References to security situation in North deleted from ‘wartime emergency plan’

Taoiseach’s department argued sensitive issues should be dealt with by a cabinet committee

Secretary to the government Dermot Nally wrote  to say it was the view of the taoiseach’s department that because of the ‘highly sensitive nature of the issues involved’, other departments should be consulted on a ‘limited and confidential basis’.  Photograph: Paddy Whelan

Secretary to the government Dermot Nally wrote to say it was the view of the taoiseach’s department that because of the ‘highly sensitive nature of the issues involved’, other departments should be consulted on a ‘limited and confidential basis’. Photograph: Paddy Whelan

 

References in the State’s wartime emergency plan about the security situation in Northern Ireland were deleted at the request of the department of the taoiseach after it argued that this planning should be dealt with confidentially by a cabinet committee.

Records from the taoiseach’s department indicate that while a decision had been taken by the government in 1985 that planning for wartime and peacetime emergencies should be dealt with separately, the wartime emergency plan was still being worked on in early 1987 when the FitzGerald government fell.

The wartime plan was to be the prime responsibility of the minister for defence, possibly through the establishment of an inter-departmental committee.

A draft memorandum for the government from the minister for defence recommended retaining the possible security implications of the Northern Ireland situation, in place since 1972, in the new emergency plan.

These included the possibility that violence in Northern Ireland could necessitate such civil measures in the State as “the reception of refugees on a large scale and medical and hospital treatment of casualties”.

The 1972 emergency plan included contingency measures for dealing with violence in the six counties, including the protection of important installations and premises against sabotage, Border patrols, and the setting up of special criminal courts.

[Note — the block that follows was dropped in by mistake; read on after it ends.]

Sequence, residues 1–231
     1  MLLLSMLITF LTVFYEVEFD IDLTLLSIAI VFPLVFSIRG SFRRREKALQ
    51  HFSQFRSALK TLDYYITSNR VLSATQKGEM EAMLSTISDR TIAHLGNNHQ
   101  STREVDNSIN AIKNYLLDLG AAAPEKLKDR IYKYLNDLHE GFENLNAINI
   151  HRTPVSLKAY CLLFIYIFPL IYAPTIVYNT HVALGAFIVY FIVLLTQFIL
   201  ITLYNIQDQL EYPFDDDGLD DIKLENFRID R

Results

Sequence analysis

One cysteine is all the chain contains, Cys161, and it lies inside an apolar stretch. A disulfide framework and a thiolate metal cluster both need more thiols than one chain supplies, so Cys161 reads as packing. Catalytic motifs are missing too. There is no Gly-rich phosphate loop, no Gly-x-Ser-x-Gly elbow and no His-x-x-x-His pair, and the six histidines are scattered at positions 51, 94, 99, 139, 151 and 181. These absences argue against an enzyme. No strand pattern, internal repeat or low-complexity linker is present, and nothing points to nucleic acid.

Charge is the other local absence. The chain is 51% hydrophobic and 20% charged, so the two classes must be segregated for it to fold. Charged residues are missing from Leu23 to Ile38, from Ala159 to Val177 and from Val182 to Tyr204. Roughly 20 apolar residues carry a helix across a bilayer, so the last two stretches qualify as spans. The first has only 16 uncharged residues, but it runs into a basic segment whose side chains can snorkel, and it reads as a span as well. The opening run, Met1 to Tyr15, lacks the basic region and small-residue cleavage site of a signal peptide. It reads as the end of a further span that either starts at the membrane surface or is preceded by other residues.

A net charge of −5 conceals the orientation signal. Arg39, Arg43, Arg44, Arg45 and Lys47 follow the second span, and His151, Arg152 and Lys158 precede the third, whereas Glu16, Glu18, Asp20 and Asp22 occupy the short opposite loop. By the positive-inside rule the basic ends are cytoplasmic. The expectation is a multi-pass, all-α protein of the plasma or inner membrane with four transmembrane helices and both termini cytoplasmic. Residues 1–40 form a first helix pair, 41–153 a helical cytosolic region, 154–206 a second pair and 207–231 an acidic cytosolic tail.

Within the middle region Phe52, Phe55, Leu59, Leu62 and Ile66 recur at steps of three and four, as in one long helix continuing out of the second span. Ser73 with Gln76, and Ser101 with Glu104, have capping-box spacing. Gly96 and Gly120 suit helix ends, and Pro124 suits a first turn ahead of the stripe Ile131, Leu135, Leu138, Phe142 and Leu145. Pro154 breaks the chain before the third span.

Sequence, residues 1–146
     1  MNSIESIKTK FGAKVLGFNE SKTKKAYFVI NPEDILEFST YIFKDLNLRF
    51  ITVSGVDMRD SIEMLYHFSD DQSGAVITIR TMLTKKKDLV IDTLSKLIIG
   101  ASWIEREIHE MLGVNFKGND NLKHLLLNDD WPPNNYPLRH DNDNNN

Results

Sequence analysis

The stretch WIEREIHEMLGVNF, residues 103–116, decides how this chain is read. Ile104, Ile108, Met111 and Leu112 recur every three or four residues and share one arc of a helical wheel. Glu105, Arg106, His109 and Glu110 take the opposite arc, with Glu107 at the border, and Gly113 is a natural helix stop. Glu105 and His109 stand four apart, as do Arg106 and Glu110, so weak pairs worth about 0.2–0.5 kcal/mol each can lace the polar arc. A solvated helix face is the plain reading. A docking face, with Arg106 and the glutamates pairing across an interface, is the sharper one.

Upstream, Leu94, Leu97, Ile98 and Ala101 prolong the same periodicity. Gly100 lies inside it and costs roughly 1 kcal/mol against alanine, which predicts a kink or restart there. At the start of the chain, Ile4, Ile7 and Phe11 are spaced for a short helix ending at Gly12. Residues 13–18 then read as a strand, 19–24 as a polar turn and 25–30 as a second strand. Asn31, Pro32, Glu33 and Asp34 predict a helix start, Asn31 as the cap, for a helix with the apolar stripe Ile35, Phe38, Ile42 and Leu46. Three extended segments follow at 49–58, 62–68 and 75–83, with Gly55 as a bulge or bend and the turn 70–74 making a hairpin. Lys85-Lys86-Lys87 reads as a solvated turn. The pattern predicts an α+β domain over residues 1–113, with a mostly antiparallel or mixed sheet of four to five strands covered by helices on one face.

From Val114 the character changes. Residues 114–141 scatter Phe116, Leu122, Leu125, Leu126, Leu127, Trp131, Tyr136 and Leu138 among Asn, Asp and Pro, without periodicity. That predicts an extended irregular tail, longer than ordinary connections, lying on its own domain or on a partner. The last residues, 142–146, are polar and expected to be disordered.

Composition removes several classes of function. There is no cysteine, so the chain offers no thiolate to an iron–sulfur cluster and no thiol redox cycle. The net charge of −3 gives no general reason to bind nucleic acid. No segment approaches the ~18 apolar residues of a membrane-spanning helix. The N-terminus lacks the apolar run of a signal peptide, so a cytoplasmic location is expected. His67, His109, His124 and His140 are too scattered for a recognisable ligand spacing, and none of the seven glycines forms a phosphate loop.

It also envisaged measures to deal with “other forms of reaction” in the State, as a result of events in the North.

In a January 22nd 1987 letter marked “secret”, the secretary general of the department of defence wrote to the secretary to the government to say the minister accepted “that any immediate destabilisation of Northern Ireland is at present a remote possibility and that this matter has considerable sensitivity in the context of the Anglo Irish Agreement”.

“However, as responsibility for Wartime Planning is assigned to the Defence Forces in operational terms and to this Department in overall terms . . . he is of the view that this Department must plan for the contingencies which the land-border with the North of Ireland could present, including a ‘worst case’ scenario.”

The secretary, MJ Somers, said it was appreciated that the inter-departmental committee on wartime emergency preparations might not be the forum which the taoiseach wished to discuss the matter. But if this was the case, it was necessary to decide what forum or committee should deal with the emergency planning issues relating to Northern Ireland.

The department said this may require some amendment to a government decision of March 1985.

On January 29th, secretary to the government Dermot Nally wrote back to say it was the view of the taoiseach’s department that because of the “highly sensitive nature of the issues involved”, other departments should be consulted in so far as this may be necessary, either through the minister for defence in his capacity as a member of the cabinet committee on national security, or directly on a “strictly limited and confidential basis”.

A later draft memo for the government from the minister for defence indicated that the references to the security implications of the situation in Northern Ireland had been “deleted at the request of the Department of the Taoiseach”.

“That department has indicated that planning in the security context should be done under the direction of the cabinet committee on national security.”

The draft new emergency planning assumptions, however, retained the reference to the possibility that the State might have to plan for “the reception of refugees on a large scale”, a contingency the department of defence confirmed in a letter of February 4th that it was prepared for.